Lawful conduct of belligerent actors

    Modern laws of war regarding conduct during war (jus in bello), such as the 1949 Geneva Conventions, provide that it is unlawful for belligerents to engage in combat without meeting certain requirements, among them the wearing of a distinctive uniform or other distinctive signs visible at a distance, and the carrying of weapons openly. Impersonating soldiers of the other side by wearing the enemy's uniform is allowed, though fighting in that uniform is unlawful perfidy, as is the taking of hostages.

    Spies and terrorists may be subject to civilian law or military tribunal for their acts and in practice have been subjected to torture and/or execution. The laws of war neither approve nor condemn such acts, which fall outside their scope.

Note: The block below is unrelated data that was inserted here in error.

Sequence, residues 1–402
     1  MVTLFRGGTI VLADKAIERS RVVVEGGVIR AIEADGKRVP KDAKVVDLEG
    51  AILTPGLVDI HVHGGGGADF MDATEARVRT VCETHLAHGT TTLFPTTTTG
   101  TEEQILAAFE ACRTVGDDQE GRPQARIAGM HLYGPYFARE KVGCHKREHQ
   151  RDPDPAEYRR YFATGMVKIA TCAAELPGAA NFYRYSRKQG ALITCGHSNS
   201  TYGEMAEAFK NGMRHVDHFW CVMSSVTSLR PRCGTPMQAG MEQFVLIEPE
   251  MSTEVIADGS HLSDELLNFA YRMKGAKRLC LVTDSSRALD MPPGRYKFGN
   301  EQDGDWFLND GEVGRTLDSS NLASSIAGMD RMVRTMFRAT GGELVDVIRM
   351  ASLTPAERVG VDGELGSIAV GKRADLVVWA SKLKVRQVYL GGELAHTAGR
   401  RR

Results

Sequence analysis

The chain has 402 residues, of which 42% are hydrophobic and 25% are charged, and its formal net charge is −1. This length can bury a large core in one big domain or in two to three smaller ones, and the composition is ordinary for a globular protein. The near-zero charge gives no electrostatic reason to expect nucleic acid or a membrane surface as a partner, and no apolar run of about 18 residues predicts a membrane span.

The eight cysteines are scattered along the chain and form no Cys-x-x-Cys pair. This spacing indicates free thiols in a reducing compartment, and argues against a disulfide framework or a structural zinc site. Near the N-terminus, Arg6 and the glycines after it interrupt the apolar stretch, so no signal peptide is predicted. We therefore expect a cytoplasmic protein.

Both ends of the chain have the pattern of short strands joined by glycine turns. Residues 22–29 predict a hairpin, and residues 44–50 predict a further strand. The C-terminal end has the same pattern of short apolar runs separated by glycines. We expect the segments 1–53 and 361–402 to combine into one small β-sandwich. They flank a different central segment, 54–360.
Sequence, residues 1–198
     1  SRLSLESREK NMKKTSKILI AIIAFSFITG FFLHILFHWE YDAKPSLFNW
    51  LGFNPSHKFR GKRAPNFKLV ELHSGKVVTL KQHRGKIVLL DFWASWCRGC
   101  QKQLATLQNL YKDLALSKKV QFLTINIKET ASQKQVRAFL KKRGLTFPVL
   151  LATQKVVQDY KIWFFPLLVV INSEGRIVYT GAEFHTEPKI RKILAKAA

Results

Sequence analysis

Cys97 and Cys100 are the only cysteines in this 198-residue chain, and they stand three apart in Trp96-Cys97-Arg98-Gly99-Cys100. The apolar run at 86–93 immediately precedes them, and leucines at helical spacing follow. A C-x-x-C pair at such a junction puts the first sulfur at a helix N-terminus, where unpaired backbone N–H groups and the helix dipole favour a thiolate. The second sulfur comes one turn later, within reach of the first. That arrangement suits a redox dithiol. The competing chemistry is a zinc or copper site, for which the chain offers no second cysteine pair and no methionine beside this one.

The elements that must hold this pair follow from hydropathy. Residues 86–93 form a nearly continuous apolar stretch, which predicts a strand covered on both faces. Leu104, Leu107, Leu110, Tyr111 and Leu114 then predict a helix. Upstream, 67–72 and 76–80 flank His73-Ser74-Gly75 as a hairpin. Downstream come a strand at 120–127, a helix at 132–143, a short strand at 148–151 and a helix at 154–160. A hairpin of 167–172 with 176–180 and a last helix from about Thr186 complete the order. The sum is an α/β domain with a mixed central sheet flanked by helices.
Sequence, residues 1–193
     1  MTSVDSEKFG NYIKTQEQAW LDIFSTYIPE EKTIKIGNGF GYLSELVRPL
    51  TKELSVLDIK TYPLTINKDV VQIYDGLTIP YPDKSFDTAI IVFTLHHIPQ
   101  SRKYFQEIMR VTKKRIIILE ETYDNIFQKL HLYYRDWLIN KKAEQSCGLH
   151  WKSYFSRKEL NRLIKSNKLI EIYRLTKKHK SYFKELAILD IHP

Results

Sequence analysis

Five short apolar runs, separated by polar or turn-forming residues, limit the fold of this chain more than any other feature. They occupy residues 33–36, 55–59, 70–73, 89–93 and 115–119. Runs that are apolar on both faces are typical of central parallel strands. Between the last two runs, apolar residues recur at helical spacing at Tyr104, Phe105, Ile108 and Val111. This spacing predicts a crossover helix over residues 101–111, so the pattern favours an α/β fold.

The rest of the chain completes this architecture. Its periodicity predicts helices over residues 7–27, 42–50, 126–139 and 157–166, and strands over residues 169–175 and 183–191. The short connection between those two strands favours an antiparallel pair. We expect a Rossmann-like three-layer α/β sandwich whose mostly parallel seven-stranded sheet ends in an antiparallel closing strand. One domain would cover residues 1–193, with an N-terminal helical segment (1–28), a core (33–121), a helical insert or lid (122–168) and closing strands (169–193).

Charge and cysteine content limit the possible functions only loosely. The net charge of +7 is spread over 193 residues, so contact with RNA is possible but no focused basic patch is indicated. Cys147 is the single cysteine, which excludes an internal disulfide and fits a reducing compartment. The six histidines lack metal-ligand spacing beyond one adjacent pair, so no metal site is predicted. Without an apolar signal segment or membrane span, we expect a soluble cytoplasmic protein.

Article 1.

    The laws, rights, and duties of war apply not only to armies, but also to militia and volunteer corps fulfilling the following conditions:

    To be commanded by a person responsible for his subordinates;

    To have a fixed distinctive emblem recognizable at a distance;

    To carry arms openly; and

    To conduct their operations in accordance with the laws and customs of war.

    The other one-third chose a real bad place to stand.

  3. dhussey says:

    “Laws of war” What an immoral concept. To engage in aggressive war should be criminal for all individuals involved from top to bottom. To repel a foreign invader on your sovereign land should not be restricted in any way.

  4. Eric Bishop says: